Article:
7 unusual details – Design done differently

8 min read
Part of the series:

Attention to Detail [#8] or: What is precious to you?

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Designs are the foundations on which a project can be built. But how can we best express ourselves in a design? Is it a hand-drawing, a skill ever fewer architects and planners possess, or is it the perfect illusion of an animated sketch? How do I convey my idea in detail, and how can make my concept comprehensible?

Let us show you seven examples of successful presentations.

Vanke 3D City - MVRDV

Architecture firm MVRDV won the Vanke Headquarters competition in Shenzhen with this skyscraper of the future. A mixed-use city block with flexible rental office space, retail areas, a restaurant, hotel and various outdoor areas.

The design shows a stack of eight blocks connecting the two relevant plots with one another, and bridging the street running between them. The result was a 250-m-high building with a total useful floor space of 167,000 m².

Each of the eight blocks represents a keyword inspired by Vanke’s core values: health, energy, openness, team, green, nature, future and creativity. Four of the blocks have recesses, forming semi-public plazas, expanses and green open spaces. The blocks and open spaces are interconnected with stairs and lifts, creating the impression of a complex, three-dimensional urban fabric.


Images: © ATCHAIN
Copyright: MVRDV 2018 – (Winy Maas, Jacob van Rijs, Nathalie de Vries)_Vanke 3D City


Sonja and Gasper are landscape architects based in Berlin. They also initiated the Linescapes project. What began with their love of drawing their interior furnishings has now grown into a project that aims to emphasise the importance of drawing for design and architecture. They view hand-drawing as a way to convey ideas and communicate, enabling them to explain and pass on their thoughts to others.



Hand-drawing © Linescapes
Hand-drawing © Linescapes
Hand-drawing © Linescapes
Hand-drawing © Linescapes
Hand-drawing © Linescapes
Hand-drawing © Linescapes

Tatiana Bilbao Estudio

Tatiana Bilbao founded her practice in 2004 with the aim of imbuing architecture with social values. She always strives to find design-focused approaches and incorporate them in the architectural process. Her work is in an ongoing dialogue with research, attempting to raise awareness for reconstruction projects in crisis areas.

An interdisciplinary team of architects, scientists and 3D modellers supports her. Tatiana Bilbao Estudio always tries to view architecture from various levels and perspectives. To this end, the team often works with other architects, artists and economists.


Concept presentation collage © Tatiana Bilbao, Estudio
Concept presentation collage © Tatiana Bilbao, Estudio
City presentation collage © Tatiana Bilbao, Estudio
City presentation collage © Tatiana Bilbao, Estudio

Tallinn City Hall – BIG

The new city hall design for Tallinn involves a multi-part structure broken down into different zones and areas. Architecture firm BIG, headed up by Bjarke Ingels, offers a range of insights into and views from this building complex with various light wells, terraces and atria. The new city hall is transparent. The municipal administration should not have to work covertly, instead letting citizens see them work. Conversely, it also gives the employees a view of the city’s citizens and their immediate environment.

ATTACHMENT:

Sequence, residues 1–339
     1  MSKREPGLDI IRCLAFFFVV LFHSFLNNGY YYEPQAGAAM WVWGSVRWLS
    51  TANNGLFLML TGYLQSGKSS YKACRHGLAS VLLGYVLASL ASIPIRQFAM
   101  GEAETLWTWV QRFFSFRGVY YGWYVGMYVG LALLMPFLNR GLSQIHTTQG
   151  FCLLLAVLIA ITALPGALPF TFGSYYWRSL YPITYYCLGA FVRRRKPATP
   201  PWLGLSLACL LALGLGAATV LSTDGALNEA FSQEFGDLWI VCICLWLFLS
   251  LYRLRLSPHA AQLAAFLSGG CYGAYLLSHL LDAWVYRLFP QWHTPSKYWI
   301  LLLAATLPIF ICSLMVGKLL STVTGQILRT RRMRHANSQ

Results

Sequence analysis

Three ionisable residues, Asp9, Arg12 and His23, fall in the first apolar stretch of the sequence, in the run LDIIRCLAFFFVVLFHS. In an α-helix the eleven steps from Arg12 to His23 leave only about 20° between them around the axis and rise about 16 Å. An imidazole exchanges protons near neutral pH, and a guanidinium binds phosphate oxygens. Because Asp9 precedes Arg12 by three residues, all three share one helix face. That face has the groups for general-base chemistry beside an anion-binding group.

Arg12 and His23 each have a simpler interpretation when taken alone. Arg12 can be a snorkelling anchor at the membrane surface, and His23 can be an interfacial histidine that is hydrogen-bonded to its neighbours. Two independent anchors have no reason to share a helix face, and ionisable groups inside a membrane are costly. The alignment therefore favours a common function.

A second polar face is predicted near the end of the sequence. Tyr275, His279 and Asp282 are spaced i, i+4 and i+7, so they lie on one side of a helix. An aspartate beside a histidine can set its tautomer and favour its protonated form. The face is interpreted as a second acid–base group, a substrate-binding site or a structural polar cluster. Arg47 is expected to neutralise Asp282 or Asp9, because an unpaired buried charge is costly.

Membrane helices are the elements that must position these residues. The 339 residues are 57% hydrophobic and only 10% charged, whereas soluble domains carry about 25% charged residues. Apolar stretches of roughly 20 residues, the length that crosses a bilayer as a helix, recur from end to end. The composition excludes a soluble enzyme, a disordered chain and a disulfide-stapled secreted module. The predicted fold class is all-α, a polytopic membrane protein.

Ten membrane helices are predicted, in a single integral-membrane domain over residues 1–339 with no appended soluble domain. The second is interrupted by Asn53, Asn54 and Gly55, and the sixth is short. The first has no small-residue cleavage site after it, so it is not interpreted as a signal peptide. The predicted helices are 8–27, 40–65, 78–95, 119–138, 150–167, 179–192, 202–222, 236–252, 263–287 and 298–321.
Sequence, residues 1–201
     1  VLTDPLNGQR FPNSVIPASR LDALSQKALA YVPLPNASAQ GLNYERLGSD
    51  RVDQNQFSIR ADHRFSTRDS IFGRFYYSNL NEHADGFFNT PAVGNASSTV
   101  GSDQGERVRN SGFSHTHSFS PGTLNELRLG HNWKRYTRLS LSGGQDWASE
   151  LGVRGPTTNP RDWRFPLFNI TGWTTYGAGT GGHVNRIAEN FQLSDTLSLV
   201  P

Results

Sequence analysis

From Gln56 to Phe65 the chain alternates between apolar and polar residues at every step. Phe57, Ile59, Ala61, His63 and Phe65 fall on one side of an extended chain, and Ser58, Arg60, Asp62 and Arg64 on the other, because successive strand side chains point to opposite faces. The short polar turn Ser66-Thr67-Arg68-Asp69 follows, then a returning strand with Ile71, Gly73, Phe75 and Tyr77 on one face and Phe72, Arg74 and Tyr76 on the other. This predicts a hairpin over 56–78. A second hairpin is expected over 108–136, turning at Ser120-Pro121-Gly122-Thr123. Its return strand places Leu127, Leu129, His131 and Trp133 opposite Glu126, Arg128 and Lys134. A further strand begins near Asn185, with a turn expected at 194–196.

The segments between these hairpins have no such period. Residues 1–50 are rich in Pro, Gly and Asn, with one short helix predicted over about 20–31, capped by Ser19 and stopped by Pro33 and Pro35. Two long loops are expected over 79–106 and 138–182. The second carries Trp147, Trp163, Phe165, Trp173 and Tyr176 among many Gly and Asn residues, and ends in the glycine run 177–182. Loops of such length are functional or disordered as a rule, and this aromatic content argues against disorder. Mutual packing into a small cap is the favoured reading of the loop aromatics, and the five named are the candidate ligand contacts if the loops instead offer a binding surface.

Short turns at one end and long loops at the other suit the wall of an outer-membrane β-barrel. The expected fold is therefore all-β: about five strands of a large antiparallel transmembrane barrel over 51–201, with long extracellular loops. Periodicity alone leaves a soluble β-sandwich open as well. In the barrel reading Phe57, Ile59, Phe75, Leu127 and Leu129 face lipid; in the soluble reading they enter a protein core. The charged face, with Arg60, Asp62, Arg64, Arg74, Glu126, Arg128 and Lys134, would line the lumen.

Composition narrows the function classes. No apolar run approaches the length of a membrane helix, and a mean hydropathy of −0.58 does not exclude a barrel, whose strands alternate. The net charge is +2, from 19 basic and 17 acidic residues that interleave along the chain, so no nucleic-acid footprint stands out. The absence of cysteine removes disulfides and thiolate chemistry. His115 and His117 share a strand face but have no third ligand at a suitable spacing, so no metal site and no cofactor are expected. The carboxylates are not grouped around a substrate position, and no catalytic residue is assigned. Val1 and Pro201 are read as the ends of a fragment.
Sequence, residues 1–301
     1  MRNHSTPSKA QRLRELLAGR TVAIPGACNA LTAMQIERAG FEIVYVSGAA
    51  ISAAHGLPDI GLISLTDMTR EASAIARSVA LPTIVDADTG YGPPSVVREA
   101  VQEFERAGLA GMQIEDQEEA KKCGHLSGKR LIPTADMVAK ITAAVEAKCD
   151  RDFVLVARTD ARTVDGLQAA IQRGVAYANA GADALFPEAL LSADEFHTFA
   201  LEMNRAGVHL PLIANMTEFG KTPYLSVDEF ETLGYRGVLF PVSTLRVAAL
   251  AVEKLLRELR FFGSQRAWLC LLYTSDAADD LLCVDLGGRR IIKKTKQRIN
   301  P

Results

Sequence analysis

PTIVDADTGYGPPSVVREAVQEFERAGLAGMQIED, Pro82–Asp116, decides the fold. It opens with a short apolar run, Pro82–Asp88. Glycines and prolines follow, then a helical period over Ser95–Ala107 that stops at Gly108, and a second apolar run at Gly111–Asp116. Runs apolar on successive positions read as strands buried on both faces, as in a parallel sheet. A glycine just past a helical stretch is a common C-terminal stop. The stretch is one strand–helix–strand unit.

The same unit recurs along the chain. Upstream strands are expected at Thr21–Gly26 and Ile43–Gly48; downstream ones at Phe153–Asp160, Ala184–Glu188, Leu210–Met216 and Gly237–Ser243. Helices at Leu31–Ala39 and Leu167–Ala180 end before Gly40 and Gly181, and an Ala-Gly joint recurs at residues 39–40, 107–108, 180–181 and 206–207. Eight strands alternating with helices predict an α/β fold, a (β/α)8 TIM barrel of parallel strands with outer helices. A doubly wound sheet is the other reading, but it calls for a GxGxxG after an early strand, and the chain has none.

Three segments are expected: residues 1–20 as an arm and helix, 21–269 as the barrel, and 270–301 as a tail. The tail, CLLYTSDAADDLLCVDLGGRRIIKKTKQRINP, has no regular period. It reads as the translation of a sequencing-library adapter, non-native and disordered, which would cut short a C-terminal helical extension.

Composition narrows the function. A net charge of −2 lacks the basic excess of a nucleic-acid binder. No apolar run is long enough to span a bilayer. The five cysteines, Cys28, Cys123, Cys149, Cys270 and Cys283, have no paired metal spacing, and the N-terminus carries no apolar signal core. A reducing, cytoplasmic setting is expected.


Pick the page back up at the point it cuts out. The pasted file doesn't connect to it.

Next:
Images & Copyright: BIG

Perspective of the new city hall © BIG
Perspective of the new city hall © BIG


Founded by Sabrina Wilk in 2007, LineScape offers professional landscape architects and garden planners an attractive range of drawing and presentation courses. She knows exactly why it is so important to be able to draw freehand and provide well-presented architecture and planning visuals. Convince clients and developers and make them fall in love with their ideas is the planner’s bread and butter.

The qualified landscape architect has been a dedicated Professor of Drawing, Presentation and Visualisations at the Landscape Architecture Faculty of Weihenstephan-Triesdorf University of Applied Sciences since 1999. Her work focuses on how artistic interpretations can influence perceptions of landscape and architecture.


Koschany + Zimmer Architekten: Arne as part of the design for Essen 51

Have you met Alliteration Arne? The Koschany + Zimmer Architekten team created Arne during an intense design process, and he even became part of the project. For the Essen 51 competition, the firm submitted an urban development design for a smart and colourful urban district. In this context, Arne embodies people with different characteristics – Aged Arne, A-la-mode Arne, All-business Arne or Architect Arne. They represent the personalities who will later breathe life into the new district.

Arne has many different facets. Which is your favourite?


Lego Campus - CF Møller Architects

Eight volumes combine to form C.F. Møller Architects’ LEGO Campus in Denmark. A flexible and sustainable office complex with a park, epitomising LEGO’s corporate values and playful culture.

Bright and flexible offices grouped around an atrium form the building ensemble and reflect the product properties and diversity of LEGO in their shapes and colours. The individual building sections differ by size and play with different aesthetically pleasing façades. Where the individual building sections intersect, they create social meeting places generating attention with colourful stairs and signage.


Images & Copyright: LEGO & CF Møller Architects

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